3. Allow official representatives from HUD and the local public housing authority PHA access to your property and documents.
    4. Do not transfer the HAP contract without permission from the local public housing authority PHA.
    5. If you need to cancel the lease you need to provide the tenant with 90 day written notice to vacate.

HUD or the local public housing authority PHA does not want to be in the landlord business. The landlord runs the property as he/she sees fit. There are a few extra guidelines you must follow but in the long run, the government leaves you alone unless you are a slumlord and they are receiving negative reports about the property.


HUD sends out an inspector once a year to inspect the property to see if it has been maintained by both the landlord and tenant.

Landlord Photo of a Section Eight Duplex I leased to the Miami Dade Housing Authority Plan Ocho program.
A former Section 8 Duplex I owned in Miami Florida.

Written by Bob Burns

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May 18, 2012 · Bob Burns · No Comments
Tags: , , , , , , , , , , , , , , , , , , , , , , , , , , , , , , , , , ,  · Posted in: landlord, Public Housing Authorities, Section 8

Landlord, use the Section 8 or Plan 8 Housing Choice Voucher Program!

A landlord can use their local housing authority, which administers low income housing programs like Sec 8 or Plan Ocho, as a source for tenants. This is one of many channels available to landlords for placing a paying tenant into their single family home or apartment to establish a cash flowing asset.

Section 8 is a popular program among landlords because of the following reasons:

  • Tenant usually pays 30% of the rent and the U.S. Government pays the remaining percentage.
  • Another source of tenants for Property Managers or Landlords.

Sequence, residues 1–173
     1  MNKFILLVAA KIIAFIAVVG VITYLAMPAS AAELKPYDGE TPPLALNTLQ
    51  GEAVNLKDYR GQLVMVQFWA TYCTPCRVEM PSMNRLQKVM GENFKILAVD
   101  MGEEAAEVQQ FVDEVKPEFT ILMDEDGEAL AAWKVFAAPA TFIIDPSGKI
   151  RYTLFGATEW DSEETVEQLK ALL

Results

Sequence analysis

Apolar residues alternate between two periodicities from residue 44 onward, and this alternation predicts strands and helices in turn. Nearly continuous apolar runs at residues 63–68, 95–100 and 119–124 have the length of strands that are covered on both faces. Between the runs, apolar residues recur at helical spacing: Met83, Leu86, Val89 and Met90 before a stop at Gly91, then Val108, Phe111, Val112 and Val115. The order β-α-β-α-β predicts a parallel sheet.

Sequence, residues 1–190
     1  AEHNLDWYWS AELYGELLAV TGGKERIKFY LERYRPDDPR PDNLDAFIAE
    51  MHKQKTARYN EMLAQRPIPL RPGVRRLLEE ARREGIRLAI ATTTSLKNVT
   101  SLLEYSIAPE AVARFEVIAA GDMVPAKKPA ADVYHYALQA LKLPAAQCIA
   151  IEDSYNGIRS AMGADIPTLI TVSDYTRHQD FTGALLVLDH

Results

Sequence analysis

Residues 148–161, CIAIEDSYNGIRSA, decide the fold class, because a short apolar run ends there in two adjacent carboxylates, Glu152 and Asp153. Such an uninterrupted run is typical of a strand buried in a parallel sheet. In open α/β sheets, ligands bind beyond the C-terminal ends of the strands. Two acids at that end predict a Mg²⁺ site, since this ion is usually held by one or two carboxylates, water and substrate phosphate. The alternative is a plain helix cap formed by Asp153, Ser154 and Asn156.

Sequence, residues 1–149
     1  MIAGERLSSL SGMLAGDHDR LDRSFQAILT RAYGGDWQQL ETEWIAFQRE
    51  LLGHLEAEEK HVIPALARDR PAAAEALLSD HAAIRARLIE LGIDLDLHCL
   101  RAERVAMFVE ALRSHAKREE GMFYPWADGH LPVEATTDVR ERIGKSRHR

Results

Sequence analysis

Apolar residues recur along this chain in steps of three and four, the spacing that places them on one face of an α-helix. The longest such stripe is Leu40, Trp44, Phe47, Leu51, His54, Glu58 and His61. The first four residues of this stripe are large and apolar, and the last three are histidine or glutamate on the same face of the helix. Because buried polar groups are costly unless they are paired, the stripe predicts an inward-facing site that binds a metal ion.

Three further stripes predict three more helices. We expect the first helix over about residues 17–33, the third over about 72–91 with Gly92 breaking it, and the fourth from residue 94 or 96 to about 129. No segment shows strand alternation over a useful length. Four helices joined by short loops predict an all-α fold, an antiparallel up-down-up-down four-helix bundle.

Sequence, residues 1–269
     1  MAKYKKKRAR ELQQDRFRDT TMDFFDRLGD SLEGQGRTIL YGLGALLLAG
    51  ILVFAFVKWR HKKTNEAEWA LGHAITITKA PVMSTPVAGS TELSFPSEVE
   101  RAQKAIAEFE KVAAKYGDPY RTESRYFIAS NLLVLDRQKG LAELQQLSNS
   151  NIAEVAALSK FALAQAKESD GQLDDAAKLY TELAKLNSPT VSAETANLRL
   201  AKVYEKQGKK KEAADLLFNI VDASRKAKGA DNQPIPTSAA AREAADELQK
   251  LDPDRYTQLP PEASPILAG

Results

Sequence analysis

• Usually but not always the U.S. Government pays more than the retail market.



  • The U.S. Government makes the tenant accountable for their actions.
  • Landlord still maintains control of the unit.
  • I highlighted a few advantages but there are many more.

Landlord, Learn to use Section Eight.

One of the more popular questions I receive from my clients is “How do I become a Section 8 Landlord?” That is a good question! I have done it so many times I created an item check list. I tried to make it generic as possible so it applies to all the housing authorities in the U.S. and territories but each Housing Authority administers the program differently.

Here goes:

  • Find the local housing authority and visit their offices.
    • Try to get a landlord package that explains the local procedures for becoming a Landlord.
  • Inform the Housing Authority that your property is available for the Section 8 Program.
    • There are three web sites that allow you to list your property for Section Eight.
    • Make sure you place “Section 8 Tenants Welcome” on all your “FOR RENT” propaganda, web sites and voice mail messages.
  • Screen your Section 8 tenant as you would any other tenant before allowing them access to the property.